More than nine in 10 insurance chiefs predict significant changes to the motor insurance industry in the next ten years, with more than half expecting telematics to be used by most drivers within five years, according to new research conducted by YouGov.
Telematics-based premiums are more widely expected be a reality in the next five years than the widespread adoption of hybrid or electric cars, the respondents said. While 53% agreed most premiums would be based on actual driver behaviour, only 48% thought most cars on the road would be hybrid, and 39% thought most cars would be electric cars.
The participants – 119 insurance board directors and department heads from the UK and US – identified changes in mobility and car ownership as the trends that would have the greatest impact on the insurance industry after telematics and autonomous cars.
29% of respondents believed there would be greater car-sharing, replacing outright car ownership, and a move to usage-based insurance. Other changes cited included greater incentives for people to drive less, and an even greater provision of insurance services from non-financial brands.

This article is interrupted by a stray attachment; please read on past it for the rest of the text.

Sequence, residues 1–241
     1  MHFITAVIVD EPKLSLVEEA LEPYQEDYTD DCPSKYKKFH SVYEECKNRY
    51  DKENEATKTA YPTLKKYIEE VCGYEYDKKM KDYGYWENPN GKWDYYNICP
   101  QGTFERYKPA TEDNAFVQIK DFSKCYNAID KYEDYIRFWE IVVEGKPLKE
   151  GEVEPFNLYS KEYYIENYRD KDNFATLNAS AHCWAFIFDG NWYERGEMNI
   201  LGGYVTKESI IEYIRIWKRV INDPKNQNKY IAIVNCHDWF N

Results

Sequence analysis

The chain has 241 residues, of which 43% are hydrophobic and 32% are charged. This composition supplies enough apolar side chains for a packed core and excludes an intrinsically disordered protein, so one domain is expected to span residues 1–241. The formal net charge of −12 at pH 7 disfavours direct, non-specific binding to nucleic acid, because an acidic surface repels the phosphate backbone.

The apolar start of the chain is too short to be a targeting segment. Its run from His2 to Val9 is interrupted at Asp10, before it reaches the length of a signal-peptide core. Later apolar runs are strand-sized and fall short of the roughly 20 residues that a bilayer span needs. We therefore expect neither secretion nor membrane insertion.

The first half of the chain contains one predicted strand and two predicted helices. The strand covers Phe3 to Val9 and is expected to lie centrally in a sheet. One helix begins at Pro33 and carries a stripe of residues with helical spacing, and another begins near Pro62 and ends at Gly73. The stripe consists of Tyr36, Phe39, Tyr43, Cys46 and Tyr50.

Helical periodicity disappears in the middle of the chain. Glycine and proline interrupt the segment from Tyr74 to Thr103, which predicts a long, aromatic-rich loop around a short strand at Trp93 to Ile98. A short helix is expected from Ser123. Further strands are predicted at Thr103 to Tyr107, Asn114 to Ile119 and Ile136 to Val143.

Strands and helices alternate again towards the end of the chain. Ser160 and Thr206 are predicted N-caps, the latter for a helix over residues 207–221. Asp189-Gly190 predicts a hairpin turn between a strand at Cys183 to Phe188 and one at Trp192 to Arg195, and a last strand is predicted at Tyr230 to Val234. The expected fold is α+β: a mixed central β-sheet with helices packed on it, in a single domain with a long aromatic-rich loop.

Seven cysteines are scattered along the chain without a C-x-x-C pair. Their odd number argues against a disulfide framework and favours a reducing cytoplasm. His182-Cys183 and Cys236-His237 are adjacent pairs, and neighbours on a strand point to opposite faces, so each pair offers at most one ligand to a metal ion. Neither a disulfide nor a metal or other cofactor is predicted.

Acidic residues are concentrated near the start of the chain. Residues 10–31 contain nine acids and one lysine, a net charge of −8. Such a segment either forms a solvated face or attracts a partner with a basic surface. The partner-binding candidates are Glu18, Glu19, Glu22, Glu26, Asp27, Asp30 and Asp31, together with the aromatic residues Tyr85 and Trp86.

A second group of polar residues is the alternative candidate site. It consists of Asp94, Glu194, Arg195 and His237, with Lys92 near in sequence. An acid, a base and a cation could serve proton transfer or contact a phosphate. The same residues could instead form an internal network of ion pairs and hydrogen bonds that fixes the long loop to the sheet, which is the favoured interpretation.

While insurance chiefs on both sides of the pond shared a vision for widespread technology advances in the next 10 years, UK insurance leaders were significantly more likely to envisage electric or hybrid cars on the roads as a norm in the near future. However, those from US insurers were far more likely to anticipate autonomous cars and peer-to-peer car and ride share.
The study was commission by mobility and telematics firm The Floow, which works with insurers, fleet operators and motor manufacturers across the US, Europe, Africa, South America and China.
“The extraordinary rate of change that is occurring in personal mobility and the insurance industry is being driven by two factors: the possibilities of what technology can offer; and demand for uniquely tailored policies to ensure drivers are paying a fair amount for the way they drive,” Aldo Monteforte, CEO and founder of the company, said.
“On a wider scale, the technology is there to encourage us to drive better and make our roads safer, benefiting everyone,” he continued.
“Our relationship with cars – how we drive, if we drive, whether we own, co-own or rent them – is already changing, and with this will come changes in the insurance sector. Insurance leaders are correct to predict that telematics will be a game changer in the field of insurance. We are entering the age where we can precisely quantify the risk of every driver, redefine insurance, and help them become safer on the roads.”